LEWISTON – Stanford’s Brandon Wu never stumbled or even wobbled on his march to the Porter Cup golf championship Saturday.
The college junior-to-be shot a bogey-free, 6-under-par 64 on the final round to cruise to a three-shot victory. Wu finished at 11-under 269 in the 59th annual event at Niagara Falls Country Club.
The 64 tied for the third-best final-round score ever by a Porter Cup winner, just a stroke behind the 63s shot by Phil Mickelson in 1990 and Vinny Giles in 1973.
So much for the pressure of being locked in a four-way tie entering the final round.
“To be honest, I didn’t feel too much pressure out there,” Wu said. “I just tried to stay relaxed and kind of play my own game and let it unfold how it did.”
Like many in the field of 75, Wu is a golf prodigy. His mom, who followed him all 18 holes, said he showed a skill for both golf and serenity from a young age.
“When he was 9 years old, he played in a tournament and I told him he looks like a pro,” said Xiaobing Zhang. “He was very calm and focused. Even when he was little he had good composure.”
While the final round lacked drama down the stretch, Wu’s performance was awesome in its calm efficiency. He hit 17 of 18 greens in regulation and 11 of 13 fairways. The only approach-shot miss came on the par-5 13th, when his third shot sailed 4 yards long into the rough past a back pin. But he got up and down to save par.
He took the lead for good on the par-3 fourth hole when he hit a 6-iron from 200 yards to 4 feet and made the putt.
That put him 7-under. Then he stretched his lead to four shots with birdies on 10, 11 and 12 to go 10-under.
Georgia Tech senior-to-be Chris Petefish shot 67 and finished second at 8-under. Texas star and sentimental favorite Gavin Hall shot 68 and finished 7-under. It was the sixth top-eight finish in six Porter Cup appearances for Hall, who will turn pro in the fall.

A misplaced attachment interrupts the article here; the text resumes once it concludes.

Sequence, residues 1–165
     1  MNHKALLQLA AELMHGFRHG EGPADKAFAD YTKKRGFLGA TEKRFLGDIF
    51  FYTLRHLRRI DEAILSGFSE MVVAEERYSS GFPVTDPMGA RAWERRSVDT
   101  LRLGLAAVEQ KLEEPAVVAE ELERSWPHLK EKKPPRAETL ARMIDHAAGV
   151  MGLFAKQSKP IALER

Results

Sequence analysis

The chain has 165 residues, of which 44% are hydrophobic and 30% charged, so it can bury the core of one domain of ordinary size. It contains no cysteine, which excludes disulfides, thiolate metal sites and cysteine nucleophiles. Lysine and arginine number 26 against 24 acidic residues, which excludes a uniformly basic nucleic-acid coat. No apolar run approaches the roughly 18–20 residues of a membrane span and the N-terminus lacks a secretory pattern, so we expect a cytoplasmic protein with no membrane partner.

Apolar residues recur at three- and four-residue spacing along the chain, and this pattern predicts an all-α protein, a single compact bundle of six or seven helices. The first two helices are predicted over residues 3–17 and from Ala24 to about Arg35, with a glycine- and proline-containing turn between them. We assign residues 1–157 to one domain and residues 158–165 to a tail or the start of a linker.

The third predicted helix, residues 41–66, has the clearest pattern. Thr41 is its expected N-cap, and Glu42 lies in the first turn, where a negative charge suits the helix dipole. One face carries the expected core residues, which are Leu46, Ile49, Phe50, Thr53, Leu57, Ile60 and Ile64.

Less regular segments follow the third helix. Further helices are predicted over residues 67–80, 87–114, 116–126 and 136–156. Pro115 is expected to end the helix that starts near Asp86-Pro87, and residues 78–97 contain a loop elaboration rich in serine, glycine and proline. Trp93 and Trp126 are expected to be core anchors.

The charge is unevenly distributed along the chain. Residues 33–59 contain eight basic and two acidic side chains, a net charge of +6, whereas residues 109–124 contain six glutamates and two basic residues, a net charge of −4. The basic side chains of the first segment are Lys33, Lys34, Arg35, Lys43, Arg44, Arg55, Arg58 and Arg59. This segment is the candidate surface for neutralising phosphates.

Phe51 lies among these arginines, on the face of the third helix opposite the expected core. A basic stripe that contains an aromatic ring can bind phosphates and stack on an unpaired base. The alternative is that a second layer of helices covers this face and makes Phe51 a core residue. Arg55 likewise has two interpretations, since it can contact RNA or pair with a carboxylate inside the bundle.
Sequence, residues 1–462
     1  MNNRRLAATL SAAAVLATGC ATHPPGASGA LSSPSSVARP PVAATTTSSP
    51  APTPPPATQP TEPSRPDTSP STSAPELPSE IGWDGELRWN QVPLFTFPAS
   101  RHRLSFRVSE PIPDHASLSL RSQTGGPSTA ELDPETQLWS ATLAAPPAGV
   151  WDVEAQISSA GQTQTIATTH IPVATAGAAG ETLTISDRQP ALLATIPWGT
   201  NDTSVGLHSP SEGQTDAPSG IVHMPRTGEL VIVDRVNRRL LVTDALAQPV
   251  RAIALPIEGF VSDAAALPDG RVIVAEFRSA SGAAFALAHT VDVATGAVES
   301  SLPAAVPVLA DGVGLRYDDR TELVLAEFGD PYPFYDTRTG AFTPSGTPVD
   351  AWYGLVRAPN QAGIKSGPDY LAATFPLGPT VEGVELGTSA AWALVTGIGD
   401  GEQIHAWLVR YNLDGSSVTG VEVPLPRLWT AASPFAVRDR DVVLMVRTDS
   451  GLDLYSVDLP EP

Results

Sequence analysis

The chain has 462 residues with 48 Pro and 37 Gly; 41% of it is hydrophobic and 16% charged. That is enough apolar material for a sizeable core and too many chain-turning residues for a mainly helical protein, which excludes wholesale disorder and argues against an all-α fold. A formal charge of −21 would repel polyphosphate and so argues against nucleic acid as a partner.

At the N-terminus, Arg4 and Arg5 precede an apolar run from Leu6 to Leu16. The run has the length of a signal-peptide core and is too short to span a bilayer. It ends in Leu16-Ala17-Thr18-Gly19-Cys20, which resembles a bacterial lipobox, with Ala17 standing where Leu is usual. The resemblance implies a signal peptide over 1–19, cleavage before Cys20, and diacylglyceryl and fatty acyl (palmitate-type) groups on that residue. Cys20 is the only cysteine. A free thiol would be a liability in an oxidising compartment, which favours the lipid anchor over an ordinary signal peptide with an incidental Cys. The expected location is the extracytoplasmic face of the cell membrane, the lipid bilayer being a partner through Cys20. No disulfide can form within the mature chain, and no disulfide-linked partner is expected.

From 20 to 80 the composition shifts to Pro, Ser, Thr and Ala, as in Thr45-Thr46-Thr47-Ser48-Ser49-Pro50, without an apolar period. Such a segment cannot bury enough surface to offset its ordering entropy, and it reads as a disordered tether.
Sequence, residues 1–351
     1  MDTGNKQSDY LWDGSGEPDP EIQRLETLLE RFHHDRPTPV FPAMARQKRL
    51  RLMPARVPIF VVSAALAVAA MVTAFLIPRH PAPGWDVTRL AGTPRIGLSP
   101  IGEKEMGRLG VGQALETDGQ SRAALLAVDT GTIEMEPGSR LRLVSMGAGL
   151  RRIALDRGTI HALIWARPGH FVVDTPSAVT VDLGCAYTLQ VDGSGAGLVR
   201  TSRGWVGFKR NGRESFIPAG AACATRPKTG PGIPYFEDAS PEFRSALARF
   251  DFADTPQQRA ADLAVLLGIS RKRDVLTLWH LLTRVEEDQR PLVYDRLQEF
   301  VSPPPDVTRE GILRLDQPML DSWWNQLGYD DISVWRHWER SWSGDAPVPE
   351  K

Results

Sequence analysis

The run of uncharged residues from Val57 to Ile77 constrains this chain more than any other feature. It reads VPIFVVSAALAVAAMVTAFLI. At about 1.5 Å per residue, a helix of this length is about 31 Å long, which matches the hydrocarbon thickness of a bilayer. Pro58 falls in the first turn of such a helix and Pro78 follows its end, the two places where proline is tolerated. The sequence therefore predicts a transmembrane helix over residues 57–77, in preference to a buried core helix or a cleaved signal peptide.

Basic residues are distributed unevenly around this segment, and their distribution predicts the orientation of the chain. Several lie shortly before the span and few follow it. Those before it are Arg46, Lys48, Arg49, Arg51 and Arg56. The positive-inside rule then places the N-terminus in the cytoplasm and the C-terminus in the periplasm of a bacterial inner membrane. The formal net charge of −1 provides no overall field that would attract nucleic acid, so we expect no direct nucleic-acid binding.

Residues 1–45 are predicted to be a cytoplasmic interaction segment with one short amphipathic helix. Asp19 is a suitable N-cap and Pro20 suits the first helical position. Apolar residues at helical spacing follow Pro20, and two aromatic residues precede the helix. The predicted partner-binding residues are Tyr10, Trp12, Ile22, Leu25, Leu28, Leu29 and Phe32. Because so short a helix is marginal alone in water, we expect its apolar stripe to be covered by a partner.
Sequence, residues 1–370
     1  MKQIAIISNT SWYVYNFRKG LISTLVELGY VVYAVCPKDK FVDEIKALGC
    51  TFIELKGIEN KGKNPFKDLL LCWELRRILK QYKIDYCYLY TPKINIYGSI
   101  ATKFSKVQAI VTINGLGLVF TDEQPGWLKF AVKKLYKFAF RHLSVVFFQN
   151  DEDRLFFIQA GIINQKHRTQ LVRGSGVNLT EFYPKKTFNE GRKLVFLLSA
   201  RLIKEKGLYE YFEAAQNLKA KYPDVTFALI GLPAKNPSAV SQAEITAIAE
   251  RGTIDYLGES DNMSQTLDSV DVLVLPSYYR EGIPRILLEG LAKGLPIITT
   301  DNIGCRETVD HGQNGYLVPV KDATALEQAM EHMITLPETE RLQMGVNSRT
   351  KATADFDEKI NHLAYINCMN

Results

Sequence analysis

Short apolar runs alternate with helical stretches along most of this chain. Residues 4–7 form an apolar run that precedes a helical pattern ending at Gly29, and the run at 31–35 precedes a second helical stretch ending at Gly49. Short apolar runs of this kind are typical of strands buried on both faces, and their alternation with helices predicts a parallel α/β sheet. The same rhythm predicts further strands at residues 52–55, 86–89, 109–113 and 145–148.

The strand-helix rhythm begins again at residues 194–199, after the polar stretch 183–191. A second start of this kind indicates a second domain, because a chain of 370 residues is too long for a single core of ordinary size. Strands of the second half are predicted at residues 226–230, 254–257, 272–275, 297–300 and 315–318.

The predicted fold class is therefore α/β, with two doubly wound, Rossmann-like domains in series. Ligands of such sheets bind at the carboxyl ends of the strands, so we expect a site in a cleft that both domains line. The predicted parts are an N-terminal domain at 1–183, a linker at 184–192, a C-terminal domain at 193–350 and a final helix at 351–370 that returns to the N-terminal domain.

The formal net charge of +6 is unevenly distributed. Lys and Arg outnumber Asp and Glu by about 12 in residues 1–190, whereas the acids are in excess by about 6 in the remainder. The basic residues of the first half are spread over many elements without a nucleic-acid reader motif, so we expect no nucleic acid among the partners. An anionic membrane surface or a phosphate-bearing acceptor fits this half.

Wu was born in Danville, Calif., near San Francisco. He moved at age 8 with his parents, both natives of China, to Beijing and lived in that country for five years. He said his father owns a scrap metal import-and-export business.
From age 12 through high school, he attended an elite boarding school in Massachusetts, Deerfield Academy, which costs about $56,000 a year.
Wu was ranked No. 60 in the nation among junior golfers when he committed to Stanford. He had a sensational freshman year, making the Pac 12 all-freshman team. He was second-team All-Pac 12 and the No. 3 player for the Cardinal as a sophomore this spring.
Wu said his travels and his college preparatory experience at Deerfield have helped mature him.
“I think the different experiences you open your horizons a little bit,” he said. “You get to experience different things, see different cultures, see different people. I think you can learn a lot from what other people do really well as well as how they live their lives and see how they’re different.”
Stanford teammate Bradley Knox, who finished tied for fifth at 4-under, said Wu was more ready than most for top college golf.
“He fit right in,” Knox said. “He qualified for the first tournament as a freshman and was in the starting lineup pretty much the entire year, which for a freshman is pretty impressive.”
Wu said the strength of his game is iron play. Knox said it’s driving.
“He’s the best driver of the golf ball on our team,” Knox said. “Straight, pretty long. He’s always going to put himself in position where he has a chance to attack the pin.”
“Putting has been streaky in the past, but I think it’s starting to come around,” Wu said. “I putted really well today.”
Australian Travis Smyth was fourth at 5-under. Knox shot 65 to tie for fifth with Kent State’s Ian Holt and Canadian mid-amateur Garrett Rank. Defending champion Harrison Endycott tied for 13th. Low Buffalo-area player was Williamsville North graduate Ben Reichert, who tied for 42nd. Reichert said he plans to transfer from East Tennessee State to another Division I school, a move he expects to be finalized soon.